Do life cycle transitions make a difference?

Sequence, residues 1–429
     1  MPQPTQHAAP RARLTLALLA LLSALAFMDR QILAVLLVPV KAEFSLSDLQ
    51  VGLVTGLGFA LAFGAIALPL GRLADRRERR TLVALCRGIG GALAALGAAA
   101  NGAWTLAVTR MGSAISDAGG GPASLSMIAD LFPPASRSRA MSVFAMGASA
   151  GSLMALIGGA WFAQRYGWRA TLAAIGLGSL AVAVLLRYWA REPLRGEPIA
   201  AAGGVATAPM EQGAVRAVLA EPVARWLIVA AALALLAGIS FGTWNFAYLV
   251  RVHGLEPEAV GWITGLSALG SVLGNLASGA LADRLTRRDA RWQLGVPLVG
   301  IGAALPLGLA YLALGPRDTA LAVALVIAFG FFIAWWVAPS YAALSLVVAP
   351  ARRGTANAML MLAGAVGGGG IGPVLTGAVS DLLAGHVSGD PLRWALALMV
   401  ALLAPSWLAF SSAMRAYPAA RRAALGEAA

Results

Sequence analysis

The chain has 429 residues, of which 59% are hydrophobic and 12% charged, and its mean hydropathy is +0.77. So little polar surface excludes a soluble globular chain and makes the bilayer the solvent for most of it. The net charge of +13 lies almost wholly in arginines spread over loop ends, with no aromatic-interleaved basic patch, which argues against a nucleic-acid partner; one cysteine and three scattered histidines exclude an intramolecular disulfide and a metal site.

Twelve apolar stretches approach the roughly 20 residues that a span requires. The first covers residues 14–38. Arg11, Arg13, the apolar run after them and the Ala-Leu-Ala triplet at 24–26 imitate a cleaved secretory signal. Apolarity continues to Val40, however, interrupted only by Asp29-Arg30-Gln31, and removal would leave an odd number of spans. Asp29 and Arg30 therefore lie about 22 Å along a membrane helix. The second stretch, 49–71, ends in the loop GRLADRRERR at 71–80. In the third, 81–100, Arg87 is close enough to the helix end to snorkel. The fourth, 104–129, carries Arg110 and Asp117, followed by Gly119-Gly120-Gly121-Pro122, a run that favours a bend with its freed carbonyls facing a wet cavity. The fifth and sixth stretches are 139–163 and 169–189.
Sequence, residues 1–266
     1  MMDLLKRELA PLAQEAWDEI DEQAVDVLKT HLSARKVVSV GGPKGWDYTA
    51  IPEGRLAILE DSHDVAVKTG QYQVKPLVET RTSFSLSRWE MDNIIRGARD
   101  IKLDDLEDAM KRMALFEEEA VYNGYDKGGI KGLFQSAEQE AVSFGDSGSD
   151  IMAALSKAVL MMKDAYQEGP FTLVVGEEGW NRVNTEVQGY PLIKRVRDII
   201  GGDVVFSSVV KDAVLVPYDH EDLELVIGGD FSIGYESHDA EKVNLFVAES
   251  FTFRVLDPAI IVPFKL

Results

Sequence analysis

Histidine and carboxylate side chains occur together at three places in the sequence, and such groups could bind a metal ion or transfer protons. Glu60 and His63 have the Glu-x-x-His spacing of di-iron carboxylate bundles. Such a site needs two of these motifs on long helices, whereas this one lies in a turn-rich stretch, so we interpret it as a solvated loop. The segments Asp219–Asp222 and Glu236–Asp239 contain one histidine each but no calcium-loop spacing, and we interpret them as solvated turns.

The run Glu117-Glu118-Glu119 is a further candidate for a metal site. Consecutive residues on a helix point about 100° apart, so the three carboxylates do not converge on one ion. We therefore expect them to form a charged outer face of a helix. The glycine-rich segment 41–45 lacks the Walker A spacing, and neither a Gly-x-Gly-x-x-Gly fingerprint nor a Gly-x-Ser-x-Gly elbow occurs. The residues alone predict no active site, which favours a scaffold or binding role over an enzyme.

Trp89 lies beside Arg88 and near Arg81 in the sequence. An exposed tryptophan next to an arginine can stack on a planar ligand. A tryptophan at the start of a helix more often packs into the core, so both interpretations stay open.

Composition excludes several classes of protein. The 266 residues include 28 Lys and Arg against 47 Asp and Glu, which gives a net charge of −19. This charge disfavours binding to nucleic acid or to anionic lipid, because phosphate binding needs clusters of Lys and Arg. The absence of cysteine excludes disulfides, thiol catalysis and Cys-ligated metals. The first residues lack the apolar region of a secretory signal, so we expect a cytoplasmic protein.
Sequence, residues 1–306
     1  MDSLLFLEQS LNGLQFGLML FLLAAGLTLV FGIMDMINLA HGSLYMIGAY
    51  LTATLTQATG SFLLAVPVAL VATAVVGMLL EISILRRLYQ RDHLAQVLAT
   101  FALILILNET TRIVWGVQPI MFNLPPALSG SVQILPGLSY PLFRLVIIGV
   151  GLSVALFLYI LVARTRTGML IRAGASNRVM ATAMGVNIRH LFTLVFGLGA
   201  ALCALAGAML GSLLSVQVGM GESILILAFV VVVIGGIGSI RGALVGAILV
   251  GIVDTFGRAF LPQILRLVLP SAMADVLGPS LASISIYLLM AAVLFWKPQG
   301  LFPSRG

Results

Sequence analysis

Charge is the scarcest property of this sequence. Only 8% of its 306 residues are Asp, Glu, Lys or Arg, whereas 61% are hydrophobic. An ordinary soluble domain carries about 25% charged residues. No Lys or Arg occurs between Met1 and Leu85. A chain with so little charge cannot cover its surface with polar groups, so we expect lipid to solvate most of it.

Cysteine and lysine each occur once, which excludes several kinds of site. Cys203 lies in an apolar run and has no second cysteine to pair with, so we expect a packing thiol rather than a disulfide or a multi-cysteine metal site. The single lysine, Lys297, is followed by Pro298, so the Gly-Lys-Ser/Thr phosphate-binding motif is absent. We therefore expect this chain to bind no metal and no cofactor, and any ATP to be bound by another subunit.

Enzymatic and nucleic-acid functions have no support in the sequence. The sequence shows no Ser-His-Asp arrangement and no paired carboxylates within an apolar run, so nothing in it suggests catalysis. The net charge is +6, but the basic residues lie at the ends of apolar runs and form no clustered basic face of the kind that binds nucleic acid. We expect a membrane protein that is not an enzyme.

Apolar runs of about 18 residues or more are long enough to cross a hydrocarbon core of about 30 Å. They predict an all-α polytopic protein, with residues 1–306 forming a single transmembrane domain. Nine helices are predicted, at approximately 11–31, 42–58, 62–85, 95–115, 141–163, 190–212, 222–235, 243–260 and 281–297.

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'Despite the importance of intergenerational care, we know remarkably little about the sorts of relationships which underlie people's willingness and capacity to provide effective and quality care. It is convenient to assume that most adults and their parents get on well and that they are happy to provide each other with child care and aged care services. But we do not really know this is the case.' The author begins by reporting on research on adult-parent relationships. He then describes findings of a Melbourne based study of adult-parent relationships. One hundred adults provided information about their relationships with their mothers and fathers and, in all, detailed information was collected about 180 adult-parent relationships. Four types of relationships emerged: parent-centred parents, child-centred parents, remote parents, and attached parents. Having described these types of relationships, the author considers changes in relationships in relation to five life cycle transitions: leaving home, getting married, having children, parental retirement, and widowhood. The interviews revealed little evidence that these life cycle changes had much effect. 'Rather than providing the impetus for a new relationship, new life cycle transitions simply provide a new theatre in which the old lines of the old relationship are replayed.'